python – Assign a value to a dictionary variable that is optional

Question:

I have a function where one of the parameters is a dictionary, but it's optional.

I need to assign a value in this dictionary, but take into account the case where this parameter is not filled.

The following solution uses two lines for this:

def uma_funcao(um_dict=None):
    um_dict = um_dict or {}
    um_dict['uma_chave'] = True

I believe there is a more iconic way of doing it, in a single line. It's possible?

Answer:

No, I believe that this form you presented is already minimal. I can't talk about Python 3 as I have no experience.

(Answers to the negative are complicated, but I have no supporting evidence, except the absence of evidence to the contrary…)


Update: as 3 people have already posted the same incorrect answer, I will point it out here to avoid future identical answers.

>>> def uma_funcao(um_dict={}):
...   um_dict['uma_chave'] = True
...   return um_dict
...
>>> x = uma_funcao()
>>> x['teste'] = True
>>> y = uma_funcao()
>>> y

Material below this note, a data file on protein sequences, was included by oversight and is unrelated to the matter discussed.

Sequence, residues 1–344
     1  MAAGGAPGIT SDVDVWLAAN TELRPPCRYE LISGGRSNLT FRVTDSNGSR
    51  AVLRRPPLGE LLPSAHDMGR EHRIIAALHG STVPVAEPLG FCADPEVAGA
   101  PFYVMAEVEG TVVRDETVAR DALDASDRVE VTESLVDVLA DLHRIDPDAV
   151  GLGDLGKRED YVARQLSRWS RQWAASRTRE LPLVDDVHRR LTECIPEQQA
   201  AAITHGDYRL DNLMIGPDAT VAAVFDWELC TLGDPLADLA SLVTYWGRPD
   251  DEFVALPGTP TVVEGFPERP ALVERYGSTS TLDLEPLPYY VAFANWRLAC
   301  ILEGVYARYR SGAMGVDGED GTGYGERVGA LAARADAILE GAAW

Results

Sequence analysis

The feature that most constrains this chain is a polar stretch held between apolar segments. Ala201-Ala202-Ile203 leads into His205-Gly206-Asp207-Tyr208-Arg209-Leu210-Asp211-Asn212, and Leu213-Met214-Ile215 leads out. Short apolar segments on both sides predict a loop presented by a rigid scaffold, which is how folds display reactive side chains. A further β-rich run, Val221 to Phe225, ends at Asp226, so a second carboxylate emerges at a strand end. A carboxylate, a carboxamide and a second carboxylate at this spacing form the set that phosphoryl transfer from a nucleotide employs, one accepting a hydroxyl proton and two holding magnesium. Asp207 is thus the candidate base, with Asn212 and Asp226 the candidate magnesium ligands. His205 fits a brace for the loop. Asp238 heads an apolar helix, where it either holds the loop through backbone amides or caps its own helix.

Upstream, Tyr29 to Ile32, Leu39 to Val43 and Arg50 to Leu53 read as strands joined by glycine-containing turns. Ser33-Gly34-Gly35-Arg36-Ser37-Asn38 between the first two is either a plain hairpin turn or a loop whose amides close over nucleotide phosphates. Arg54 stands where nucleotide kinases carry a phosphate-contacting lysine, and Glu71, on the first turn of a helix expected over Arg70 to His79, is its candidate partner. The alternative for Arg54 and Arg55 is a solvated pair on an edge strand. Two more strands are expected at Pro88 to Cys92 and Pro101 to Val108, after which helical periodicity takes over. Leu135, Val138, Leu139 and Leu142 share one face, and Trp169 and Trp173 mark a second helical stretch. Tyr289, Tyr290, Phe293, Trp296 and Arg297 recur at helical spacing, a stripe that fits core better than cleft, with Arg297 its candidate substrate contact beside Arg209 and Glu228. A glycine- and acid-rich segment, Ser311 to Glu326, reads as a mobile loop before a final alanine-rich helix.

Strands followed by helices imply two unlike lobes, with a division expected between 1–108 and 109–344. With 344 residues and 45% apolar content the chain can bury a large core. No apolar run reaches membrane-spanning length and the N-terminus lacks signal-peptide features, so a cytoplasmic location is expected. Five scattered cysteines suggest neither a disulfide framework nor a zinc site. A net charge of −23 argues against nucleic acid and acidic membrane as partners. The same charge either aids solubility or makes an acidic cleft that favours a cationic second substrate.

{'uma_chave': True, 'teste': True}

As you can see, you shouldn't use a mutable value as a default parameter of a function. The expression {} creates an object before being used as a parameter, so every call to uma_funcao without passing parameters will use the same dict . As this is rarely the desired behavior, there is no option but to use None followed by a test, as in the original question code.

Another way that occurred to me, very common in languages ​​like C, was to unite the attribution with the use in a single expression:

(um_dict = um_dict or {})['uma_chave'] = True

However this is not allowed by Python syntax (2 at least; if anything like this has been added in future versions, it is not to my knowledge).

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